“The Finest Things on Earth”: the Elgin Marbles and the Sciences of Taste
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CitationGjikola, Ardeta. 2017. “The Finest Things on Earth”: the Elgin Marbles and the Sciences of Taste. Doctoral dissertation, Harvard University, Graduate School of Arts & Sciences.
AbstractIn this dissertation I consider claims often made in the long eighteenth century that beauty was objective, that aesthetic value was intrinsic to objects of art, and that, with the right conditions and training, both could be identified and assessed with certainty. To understand these claims, I examine concrete situations in which taste judgments were formed and acknowledgement of expertise in them secured. The aesthetic discovery in the eighteenth century of the sculptures that adorned the Parthenon, their removal by Lord Elgin while he was ambassador to the Ottoman Porte during 1800-1803, and their placement in the British Museum in 1816, offer a rare opportunity for a detailed reconstruction of such processes, because extensive documentation relating to these events survives in the form of personal correspondence, diaries and newspaper articles. Based on a close analysis of these, I identify specific practices painters and connoisseurs used for training their attention in order to observe particular features of the sculptures, practices which, I argue, they shared with anatomists and natural historians of the period. I examine in addition how the aesthetic evaluation of the Elgin Marbles as “the finest things on earth” was guided by a comparative logic that had an intellectual foundation in attempts to historicize art and a material basis in the emergence of an international market in antiquities and Old Master paintings. And I argue that the manner in which pronouncements on their value circulated—primarily in the periodical press of the period—was constitutive for the objectification of that value and decisive for the acknowledgement of particular artists as experts in matters of taste. More generally, I make the case that the experience of aesthetic taste as accounted by the historical actors involved can be understood better by introducing an analytical distinction between its various aspects—observation, valuation, and evaluation—and that each can be examined and reconstructed in ways similar to how historians of science have scrutinized processes of knowledge making and certification. Such treatment departs significantly from accounts of cultural historians who have interpreted talk about taste or the exercise of taste judgments in eighteenth-century Britain as performing primarily a social function, that of distinction. I bring to the subject insights from recent attempts by historians of science to historicize observation, as well as from new developments in cultural sociology.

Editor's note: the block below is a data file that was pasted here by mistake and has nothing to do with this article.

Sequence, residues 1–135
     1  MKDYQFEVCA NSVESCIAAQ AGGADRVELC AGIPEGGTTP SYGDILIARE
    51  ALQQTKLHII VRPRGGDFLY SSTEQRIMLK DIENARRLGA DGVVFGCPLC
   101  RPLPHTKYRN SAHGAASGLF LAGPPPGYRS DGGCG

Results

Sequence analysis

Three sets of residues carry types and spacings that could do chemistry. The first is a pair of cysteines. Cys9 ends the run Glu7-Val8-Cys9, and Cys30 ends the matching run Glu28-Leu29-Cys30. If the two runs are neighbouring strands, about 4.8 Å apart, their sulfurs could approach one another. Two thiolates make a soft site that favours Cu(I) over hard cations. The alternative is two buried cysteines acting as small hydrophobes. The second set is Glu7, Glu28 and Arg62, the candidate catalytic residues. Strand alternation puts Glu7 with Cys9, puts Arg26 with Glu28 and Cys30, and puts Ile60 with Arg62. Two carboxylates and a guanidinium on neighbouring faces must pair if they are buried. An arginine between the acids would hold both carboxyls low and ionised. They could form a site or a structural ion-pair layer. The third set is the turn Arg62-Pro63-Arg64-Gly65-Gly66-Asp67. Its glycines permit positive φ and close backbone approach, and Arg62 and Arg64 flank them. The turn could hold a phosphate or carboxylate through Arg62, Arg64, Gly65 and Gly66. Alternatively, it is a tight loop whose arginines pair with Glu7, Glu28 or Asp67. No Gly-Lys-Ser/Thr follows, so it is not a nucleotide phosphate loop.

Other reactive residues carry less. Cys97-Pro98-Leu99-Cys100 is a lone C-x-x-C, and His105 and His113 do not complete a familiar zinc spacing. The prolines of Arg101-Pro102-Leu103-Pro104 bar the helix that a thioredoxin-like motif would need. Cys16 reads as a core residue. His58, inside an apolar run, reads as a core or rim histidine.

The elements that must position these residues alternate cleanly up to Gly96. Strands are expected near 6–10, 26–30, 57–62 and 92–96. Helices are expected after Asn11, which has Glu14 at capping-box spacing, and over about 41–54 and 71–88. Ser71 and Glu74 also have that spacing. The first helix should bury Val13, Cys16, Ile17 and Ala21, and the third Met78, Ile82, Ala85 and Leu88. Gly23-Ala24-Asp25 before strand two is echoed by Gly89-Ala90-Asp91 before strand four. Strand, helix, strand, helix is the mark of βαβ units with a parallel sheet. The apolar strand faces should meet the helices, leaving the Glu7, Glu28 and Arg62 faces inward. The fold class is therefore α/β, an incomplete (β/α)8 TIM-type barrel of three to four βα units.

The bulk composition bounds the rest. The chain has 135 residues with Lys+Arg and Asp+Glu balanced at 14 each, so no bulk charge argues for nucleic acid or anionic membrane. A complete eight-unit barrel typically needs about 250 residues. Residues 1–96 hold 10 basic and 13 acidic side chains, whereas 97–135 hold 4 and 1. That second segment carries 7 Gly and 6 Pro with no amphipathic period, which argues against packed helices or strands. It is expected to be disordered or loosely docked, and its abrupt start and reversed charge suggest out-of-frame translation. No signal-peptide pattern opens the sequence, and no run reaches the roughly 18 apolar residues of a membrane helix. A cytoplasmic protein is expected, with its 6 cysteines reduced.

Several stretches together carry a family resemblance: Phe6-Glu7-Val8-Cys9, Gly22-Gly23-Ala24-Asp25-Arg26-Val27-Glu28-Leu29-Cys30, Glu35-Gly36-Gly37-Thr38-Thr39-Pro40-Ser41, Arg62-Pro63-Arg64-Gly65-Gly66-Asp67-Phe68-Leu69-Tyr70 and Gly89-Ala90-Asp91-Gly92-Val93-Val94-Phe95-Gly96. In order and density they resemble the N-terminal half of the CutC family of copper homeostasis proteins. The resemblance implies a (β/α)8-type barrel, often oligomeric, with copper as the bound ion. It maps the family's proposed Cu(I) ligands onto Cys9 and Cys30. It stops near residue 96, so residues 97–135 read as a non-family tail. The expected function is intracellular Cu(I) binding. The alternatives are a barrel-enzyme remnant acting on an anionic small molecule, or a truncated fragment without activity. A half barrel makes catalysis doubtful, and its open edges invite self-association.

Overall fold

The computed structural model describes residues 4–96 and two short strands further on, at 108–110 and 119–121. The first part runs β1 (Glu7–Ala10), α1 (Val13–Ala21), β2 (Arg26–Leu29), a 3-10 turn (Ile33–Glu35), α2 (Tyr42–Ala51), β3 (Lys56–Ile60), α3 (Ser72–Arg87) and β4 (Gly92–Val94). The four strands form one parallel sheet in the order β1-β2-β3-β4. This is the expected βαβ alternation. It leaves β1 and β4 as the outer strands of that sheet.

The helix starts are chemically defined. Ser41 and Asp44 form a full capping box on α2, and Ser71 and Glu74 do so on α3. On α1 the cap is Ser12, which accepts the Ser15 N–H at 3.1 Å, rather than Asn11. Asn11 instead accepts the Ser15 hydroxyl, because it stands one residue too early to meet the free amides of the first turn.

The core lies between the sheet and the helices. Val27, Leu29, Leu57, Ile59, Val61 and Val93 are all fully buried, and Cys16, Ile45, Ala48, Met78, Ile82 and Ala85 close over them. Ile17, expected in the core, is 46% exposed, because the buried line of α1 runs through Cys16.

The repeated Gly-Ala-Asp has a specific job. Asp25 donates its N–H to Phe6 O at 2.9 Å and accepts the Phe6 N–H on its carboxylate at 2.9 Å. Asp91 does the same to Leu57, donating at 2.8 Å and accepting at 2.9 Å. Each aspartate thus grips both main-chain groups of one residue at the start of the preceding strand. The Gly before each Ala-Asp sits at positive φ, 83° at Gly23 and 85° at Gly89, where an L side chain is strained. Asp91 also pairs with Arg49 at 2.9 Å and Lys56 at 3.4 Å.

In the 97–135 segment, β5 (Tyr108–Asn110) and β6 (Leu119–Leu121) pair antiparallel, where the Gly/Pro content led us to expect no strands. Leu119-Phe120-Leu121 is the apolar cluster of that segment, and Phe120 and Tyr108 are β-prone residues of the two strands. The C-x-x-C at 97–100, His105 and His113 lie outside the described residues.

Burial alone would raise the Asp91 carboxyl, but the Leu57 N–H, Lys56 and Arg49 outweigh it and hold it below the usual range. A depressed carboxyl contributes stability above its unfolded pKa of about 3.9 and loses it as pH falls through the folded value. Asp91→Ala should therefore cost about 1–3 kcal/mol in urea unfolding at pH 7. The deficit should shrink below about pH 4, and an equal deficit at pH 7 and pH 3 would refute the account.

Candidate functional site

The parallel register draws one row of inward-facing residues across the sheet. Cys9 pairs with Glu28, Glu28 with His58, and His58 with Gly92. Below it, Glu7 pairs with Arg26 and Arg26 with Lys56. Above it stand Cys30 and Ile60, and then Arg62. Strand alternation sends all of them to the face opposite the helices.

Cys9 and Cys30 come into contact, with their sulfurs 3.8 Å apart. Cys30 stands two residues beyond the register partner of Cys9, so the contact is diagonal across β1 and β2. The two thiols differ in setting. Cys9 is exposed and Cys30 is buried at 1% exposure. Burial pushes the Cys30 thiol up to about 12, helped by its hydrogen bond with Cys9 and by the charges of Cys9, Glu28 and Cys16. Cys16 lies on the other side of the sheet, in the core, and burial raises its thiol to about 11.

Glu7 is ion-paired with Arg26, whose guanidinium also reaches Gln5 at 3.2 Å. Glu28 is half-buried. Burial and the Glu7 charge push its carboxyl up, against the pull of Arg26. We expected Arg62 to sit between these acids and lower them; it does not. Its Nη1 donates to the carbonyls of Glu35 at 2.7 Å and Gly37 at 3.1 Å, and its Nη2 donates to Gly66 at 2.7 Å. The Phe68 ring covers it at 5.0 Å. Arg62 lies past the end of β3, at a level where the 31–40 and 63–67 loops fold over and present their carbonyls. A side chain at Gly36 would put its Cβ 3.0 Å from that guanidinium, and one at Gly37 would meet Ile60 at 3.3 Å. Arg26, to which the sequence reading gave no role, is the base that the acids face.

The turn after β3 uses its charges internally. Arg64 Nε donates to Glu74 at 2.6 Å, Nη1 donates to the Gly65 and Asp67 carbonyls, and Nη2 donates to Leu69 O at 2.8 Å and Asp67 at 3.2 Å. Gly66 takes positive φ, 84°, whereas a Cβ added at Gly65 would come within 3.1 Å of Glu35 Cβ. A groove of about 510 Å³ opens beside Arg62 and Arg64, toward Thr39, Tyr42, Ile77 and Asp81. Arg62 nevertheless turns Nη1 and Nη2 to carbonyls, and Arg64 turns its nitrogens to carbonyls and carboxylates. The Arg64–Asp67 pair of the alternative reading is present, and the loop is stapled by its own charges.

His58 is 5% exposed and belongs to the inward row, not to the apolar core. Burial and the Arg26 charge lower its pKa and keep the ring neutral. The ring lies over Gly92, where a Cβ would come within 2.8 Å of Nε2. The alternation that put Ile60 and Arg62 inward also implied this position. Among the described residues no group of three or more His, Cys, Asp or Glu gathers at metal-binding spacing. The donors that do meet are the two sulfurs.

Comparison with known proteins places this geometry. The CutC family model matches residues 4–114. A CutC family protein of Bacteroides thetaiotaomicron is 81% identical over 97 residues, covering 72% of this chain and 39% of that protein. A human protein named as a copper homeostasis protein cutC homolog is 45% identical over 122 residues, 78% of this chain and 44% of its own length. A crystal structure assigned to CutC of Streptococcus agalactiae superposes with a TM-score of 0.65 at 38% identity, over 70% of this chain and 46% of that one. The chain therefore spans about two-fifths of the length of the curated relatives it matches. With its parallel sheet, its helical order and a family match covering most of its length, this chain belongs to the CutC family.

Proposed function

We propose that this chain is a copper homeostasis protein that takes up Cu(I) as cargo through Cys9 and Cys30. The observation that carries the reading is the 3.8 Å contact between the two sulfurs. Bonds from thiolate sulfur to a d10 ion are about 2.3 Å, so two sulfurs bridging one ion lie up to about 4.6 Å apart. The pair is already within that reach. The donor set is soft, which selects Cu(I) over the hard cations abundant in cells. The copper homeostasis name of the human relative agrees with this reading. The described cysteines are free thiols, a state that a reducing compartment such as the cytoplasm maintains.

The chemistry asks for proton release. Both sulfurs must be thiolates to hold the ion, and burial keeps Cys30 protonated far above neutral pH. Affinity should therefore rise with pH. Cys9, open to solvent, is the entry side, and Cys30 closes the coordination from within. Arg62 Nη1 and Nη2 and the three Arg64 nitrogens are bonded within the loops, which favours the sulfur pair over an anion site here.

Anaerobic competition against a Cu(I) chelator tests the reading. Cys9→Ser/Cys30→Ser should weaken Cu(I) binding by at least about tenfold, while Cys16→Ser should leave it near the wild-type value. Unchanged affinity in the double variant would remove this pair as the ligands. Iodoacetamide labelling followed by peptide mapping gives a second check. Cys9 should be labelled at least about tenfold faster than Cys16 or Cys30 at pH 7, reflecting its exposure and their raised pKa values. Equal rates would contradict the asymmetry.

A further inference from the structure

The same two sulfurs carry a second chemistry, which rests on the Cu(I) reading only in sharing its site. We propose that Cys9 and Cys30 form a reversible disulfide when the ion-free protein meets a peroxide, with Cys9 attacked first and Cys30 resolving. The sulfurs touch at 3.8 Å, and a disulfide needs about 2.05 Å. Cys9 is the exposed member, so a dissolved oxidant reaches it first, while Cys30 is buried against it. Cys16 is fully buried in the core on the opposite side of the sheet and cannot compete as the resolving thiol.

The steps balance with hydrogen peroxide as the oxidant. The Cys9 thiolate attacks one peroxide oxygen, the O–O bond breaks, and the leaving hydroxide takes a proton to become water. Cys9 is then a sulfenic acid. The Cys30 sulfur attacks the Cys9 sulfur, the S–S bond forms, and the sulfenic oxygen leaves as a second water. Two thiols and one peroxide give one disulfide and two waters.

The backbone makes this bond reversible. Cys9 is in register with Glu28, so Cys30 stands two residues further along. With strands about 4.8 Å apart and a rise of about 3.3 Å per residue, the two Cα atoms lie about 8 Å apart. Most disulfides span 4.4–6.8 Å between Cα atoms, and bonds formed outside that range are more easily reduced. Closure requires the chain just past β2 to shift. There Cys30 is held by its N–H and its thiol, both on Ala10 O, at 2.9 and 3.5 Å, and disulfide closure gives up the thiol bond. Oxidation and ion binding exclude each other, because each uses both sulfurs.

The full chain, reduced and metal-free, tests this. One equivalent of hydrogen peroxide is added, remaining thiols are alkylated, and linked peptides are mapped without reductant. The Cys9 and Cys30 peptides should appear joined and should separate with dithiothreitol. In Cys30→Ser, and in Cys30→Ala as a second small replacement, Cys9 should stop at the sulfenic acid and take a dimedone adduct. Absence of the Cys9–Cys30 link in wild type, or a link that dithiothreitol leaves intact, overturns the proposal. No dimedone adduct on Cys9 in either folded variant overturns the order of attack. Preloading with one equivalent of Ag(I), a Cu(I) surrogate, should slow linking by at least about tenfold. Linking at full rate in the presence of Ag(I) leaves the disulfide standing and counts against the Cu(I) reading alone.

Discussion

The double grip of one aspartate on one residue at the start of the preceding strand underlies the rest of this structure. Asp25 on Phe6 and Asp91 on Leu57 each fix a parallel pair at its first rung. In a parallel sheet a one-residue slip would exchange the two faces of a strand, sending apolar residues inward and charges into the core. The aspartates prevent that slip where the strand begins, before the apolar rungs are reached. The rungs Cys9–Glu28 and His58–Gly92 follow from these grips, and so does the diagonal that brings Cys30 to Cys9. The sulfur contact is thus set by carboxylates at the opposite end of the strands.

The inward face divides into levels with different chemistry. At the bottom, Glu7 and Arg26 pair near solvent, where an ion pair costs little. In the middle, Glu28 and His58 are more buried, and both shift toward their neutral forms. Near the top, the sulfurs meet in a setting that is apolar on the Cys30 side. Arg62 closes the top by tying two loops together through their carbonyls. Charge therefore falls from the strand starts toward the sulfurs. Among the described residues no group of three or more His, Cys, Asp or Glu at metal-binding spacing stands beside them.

Citable link to this pagehttp://nrs.harvard.edu/urn-3:HUL.InstRepos:41140218
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